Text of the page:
It was a terrible time. Fortunately, Bob got back to good health. His physical fitnesssurely helped his recovery, but it also masked his underlying risk. It wasn’t something he could see on the outside. He was caught in what I call the ‘mirror syndrome:’ “I look good, I look fit, so I must be healthy and doing well.” 

Bob had had regular checkups, but there was an important baseline test that he hadn’t had. It was the CT calcium scan, a simple test that measures calcium deposits in the coronary arteries and indicates signs of heart disease. If he’d had a scan, he would have been treated long before he faced a life-and-death emergency. 

Ingredients to Take Charge of Your Health

So, Wellness Warrior, how do you take charge of your health? Here are specific, proactive guidelines for preventive care at midlife and getting the best treatment possible when you or a loved one runs into bad luck. 

Now, you may think you know all of this, but you may be surprised at the nuggets that could save your life and vastly increase your chances for the healthiest, longest life possible.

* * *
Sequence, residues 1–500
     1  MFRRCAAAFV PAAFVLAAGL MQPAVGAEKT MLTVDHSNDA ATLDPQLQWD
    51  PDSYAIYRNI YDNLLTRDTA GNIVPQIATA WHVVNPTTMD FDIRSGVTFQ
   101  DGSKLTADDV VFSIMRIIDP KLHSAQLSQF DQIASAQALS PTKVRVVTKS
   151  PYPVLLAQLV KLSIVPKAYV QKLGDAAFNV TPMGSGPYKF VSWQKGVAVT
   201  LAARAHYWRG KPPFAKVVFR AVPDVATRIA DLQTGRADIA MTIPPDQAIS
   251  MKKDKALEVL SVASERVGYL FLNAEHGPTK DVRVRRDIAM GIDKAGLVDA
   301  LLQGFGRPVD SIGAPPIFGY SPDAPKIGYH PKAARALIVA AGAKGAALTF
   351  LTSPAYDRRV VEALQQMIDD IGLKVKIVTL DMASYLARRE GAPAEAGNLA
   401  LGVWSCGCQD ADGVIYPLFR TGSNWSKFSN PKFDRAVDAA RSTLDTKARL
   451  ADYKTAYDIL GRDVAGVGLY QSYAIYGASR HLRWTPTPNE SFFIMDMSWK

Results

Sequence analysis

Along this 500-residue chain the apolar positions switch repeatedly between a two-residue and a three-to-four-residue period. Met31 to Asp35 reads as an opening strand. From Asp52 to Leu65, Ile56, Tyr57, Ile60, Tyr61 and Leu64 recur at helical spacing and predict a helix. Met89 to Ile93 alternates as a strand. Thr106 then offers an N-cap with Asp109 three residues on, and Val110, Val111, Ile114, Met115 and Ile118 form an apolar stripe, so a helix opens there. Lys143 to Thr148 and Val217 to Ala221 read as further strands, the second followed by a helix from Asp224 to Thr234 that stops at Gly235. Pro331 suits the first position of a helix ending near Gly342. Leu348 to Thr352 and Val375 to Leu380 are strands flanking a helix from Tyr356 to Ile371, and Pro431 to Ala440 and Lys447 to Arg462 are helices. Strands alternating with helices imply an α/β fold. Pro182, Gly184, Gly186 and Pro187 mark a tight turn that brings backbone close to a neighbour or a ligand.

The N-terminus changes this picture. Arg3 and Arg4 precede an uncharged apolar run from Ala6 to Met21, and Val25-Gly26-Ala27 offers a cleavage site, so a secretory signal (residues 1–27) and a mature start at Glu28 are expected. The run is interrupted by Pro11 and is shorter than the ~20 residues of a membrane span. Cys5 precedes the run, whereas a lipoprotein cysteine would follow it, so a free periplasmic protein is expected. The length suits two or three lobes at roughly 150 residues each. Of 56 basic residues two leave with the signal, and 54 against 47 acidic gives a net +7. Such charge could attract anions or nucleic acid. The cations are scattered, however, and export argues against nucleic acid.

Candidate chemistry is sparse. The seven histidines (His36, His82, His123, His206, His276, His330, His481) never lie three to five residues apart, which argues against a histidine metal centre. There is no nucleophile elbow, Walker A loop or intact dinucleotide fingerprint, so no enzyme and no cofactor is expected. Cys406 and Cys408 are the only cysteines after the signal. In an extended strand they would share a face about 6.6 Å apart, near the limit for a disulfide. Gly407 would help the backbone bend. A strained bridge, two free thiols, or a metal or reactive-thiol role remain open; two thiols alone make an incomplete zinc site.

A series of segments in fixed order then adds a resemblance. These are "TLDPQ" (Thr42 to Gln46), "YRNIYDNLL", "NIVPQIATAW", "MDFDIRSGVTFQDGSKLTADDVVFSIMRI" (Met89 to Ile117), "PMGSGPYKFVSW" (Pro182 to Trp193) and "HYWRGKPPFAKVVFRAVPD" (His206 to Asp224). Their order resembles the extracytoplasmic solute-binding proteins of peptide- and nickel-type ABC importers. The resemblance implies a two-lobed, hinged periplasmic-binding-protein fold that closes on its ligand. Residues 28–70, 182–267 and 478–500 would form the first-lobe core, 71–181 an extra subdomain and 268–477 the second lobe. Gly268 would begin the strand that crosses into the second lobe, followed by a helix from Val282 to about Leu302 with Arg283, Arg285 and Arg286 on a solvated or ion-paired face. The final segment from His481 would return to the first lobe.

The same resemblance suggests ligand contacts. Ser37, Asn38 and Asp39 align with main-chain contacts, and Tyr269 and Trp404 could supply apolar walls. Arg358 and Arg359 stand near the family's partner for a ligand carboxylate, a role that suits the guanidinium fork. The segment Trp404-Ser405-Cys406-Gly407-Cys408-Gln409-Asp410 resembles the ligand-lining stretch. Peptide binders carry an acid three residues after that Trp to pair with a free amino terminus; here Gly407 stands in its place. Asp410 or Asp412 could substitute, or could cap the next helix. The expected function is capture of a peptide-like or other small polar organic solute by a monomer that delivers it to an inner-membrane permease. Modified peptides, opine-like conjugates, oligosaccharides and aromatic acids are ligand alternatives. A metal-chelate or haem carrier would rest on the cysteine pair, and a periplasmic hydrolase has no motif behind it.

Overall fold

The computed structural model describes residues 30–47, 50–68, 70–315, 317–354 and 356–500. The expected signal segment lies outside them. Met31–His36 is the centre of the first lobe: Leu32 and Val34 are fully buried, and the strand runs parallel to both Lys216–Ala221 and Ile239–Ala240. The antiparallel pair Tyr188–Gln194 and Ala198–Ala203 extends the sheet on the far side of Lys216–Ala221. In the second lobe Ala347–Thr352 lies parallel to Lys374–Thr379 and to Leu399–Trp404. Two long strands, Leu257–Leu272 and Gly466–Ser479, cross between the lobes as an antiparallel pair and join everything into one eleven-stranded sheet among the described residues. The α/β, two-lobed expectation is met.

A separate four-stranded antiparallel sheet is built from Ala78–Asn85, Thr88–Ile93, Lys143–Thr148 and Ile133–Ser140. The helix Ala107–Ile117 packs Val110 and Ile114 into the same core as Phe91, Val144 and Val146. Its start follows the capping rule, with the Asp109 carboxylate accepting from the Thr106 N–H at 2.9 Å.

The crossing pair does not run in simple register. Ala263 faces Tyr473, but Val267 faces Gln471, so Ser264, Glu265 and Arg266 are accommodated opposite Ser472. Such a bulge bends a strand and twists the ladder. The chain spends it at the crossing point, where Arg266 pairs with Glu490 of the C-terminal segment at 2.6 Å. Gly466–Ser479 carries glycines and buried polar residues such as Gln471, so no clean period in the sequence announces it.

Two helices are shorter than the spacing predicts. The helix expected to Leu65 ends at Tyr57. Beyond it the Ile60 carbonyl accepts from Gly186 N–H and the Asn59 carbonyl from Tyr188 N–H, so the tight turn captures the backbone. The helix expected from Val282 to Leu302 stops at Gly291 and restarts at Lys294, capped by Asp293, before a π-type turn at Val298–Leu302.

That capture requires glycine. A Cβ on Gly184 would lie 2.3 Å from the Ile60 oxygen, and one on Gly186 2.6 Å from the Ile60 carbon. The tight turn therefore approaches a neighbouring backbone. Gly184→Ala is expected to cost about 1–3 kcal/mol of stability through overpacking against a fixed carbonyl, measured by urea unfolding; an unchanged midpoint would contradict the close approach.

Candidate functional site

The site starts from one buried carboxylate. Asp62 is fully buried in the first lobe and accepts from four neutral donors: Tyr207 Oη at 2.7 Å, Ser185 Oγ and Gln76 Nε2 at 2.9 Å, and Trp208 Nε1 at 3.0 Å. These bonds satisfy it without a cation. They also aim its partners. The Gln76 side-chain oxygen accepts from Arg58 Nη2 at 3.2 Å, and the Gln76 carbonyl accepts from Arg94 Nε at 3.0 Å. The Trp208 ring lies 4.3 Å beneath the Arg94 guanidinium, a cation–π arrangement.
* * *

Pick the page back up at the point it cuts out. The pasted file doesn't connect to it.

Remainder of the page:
Know and understand your numbers. We hear the noise of, “do this, do that,” and we don’t tune into our bodies. We don’t understand what the tests are, what the results mean, and what we’re aiming for.  This doesn’t mean we have to become obsessive or do without pleasure and fun. It means caring about yourself. Yes, caring about yourself! 

Here’s a quick introduction to some baseline tests and numbers you should become familiar with. (Your doctor can help you personalize the list of tests you should take and the numbers you should try to maintain.)